Outliers by Malcolm Gladwell is a book about what makes sucessful people sucessful and the situations they were in that contributed to their success.
In this stunning new book, Malcolm Gladwell takes us on an intellectual journey through the world of “outliers”–the best and the brightest, the most famous and the most successful. He asks the question: what makes high-achievers different?
His answer is that we pay too much attention to what successful people are like, and too little attention to where they are from: that is, their culture, their family, their generation, and the idiosyncratic experiences of their upbringing. Along the way he explains the secrets of software billionaires, what it takes to be a great soccer player, why Asians are good at math, and what made the Beatles the greatest rock band.
Brilliant and entertaining, Outliers is a landmark work that will simultaneously delight and illuminate.
I had to read Outliers in highschool and I really enjoyed it. People always claim that highschool education isn’t needed and you don’t have to go to college to make millions.
It is true, but people often assume that their success is because they are unnaturally gifted in what they do.
Gladwell’s primary objective in Outliers is to show that this assumption is often wrong, and that the success and expertise of these individuals comes from a combination of some crucial factors.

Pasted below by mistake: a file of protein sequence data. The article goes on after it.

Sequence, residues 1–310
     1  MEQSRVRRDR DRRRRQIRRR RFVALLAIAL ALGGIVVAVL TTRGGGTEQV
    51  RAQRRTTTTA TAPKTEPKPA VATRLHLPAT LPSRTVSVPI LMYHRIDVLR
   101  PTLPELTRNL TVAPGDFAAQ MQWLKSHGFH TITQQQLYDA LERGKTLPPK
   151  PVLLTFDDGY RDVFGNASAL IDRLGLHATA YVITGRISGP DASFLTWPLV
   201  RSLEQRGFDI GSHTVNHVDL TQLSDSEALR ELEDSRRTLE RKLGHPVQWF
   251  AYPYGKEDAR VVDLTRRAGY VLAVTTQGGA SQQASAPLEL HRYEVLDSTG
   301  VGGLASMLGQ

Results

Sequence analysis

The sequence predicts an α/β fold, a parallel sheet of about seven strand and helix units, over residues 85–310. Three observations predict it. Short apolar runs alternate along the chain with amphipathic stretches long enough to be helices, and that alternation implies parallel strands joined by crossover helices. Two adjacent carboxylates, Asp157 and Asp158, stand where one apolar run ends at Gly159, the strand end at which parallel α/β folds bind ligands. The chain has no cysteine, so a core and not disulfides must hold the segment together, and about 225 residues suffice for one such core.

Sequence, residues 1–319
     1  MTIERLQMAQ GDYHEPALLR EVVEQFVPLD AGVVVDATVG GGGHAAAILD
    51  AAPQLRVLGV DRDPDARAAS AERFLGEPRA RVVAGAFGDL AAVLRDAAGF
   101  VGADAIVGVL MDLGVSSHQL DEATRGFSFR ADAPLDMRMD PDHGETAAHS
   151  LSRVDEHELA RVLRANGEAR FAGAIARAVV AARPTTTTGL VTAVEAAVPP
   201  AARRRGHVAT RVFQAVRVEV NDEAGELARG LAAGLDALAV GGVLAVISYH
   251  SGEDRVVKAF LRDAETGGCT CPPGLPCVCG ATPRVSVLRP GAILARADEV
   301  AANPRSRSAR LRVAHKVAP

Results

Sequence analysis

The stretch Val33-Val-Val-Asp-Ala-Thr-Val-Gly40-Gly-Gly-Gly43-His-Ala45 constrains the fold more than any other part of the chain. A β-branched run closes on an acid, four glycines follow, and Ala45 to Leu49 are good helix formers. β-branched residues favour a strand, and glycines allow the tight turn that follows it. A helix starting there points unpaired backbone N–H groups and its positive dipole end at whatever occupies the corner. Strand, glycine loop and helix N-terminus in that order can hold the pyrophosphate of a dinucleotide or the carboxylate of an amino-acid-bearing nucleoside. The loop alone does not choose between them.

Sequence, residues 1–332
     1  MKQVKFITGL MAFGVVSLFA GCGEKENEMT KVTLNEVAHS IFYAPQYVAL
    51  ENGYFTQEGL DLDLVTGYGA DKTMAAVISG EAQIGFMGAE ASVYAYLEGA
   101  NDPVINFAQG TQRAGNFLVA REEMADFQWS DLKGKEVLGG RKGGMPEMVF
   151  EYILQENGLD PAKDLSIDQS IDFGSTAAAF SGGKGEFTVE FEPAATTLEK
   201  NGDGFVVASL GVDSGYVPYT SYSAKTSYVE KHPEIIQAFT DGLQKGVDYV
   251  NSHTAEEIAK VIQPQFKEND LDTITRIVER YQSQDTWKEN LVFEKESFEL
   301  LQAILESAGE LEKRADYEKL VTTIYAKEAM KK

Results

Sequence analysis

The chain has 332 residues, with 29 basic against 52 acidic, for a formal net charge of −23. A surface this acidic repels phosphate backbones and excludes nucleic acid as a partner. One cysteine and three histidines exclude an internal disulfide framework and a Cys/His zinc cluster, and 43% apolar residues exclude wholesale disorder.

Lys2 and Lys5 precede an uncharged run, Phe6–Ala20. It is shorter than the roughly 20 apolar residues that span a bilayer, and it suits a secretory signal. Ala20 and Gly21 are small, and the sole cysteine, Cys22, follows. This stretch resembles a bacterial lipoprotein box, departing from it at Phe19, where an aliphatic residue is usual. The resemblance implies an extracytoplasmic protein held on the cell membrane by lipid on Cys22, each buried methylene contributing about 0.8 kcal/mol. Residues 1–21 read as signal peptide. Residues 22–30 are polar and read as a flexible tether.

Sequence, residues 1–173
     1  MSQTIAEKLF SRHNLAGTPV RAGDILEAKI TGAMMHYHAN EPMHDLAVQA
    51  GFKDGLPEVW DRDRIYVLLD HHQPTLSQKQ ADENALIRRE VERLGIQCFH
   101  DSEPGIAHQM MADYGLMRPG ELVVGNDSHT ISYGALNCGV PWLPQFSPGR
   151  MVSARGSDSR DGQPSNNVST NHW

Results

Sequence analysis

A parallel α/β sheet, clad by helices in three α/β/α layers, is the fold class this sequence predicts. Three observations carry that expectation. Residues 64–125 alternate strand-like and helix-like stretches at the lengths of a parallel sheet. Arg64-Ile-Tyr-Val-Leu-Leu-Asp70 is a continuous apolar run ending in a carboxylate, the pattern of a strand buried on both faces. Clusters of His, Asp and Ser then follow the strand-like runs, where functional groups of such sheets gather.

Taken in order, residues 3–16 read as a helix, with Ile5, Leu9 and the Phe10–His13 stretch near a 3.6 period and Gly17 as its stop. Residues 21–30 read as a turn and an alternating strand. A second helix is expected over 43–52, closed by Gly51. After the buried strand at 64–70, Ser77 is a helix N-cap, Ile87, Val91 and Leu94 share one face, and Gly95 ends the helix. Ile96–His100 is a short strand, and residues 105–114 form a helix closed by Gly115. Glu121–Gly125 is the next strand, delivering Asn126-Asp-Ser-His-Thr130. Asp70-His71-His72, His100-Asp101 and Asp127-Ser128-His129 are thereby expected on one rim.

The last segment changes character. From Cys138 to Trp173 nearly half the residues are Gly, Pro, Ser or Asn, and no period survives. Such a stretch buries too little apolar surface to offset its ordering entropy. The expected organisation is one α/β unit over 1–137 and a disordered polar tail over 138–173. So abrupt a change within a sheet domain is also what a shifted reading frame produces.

It’s a really interesting look at success that sometimes we just take for granted.
Now think about this. If a child is born in January, and another in December of the same calendar year, the kid born in January is almost an entire year older than the kid born in December, therefore smarter and stronger.
Now fast forward into the future and the kids are both in grade 2. The kid born in January is still almost a year older and because they are still stronger and smarter will likely be placed in more advanced groups for reading or math, and learn more difficult things, therefore progressing faster and faster. The kid born in December gets placed in a lower group and doesn’t learn as much therefore doesn’t progress as far, all because he was born in December and not January.
Now obviously this isn’t an exact science, but if you read Outliers he points out that a lot of NHL players are born in the earlier months of the year.
It’s an interesting idea and looking at my life is sort of true. Again, it’t not an exact science but I know of a few scenarios in my life that fit the bill perfectly.
He has other ideas in there. Gladwell claims that to be sucessful one needs to practice their craft for 10,000 hours to become succesfull. He also brings up a point with NBA players that the taller they are isn’t necessarily better, but being past a certain threshold is all that is needed to be sucessful.
Verdict: Worth the read. It’s a good look at success and the assumptions we often have of sucessful people.
Have you guys read it, other books by Gladwell? Let me know in the comments. I hear he’s written quite a few interesting books.
Next week I’m gonna take a look at a book with talking animals and a lamp post. Stay tuned!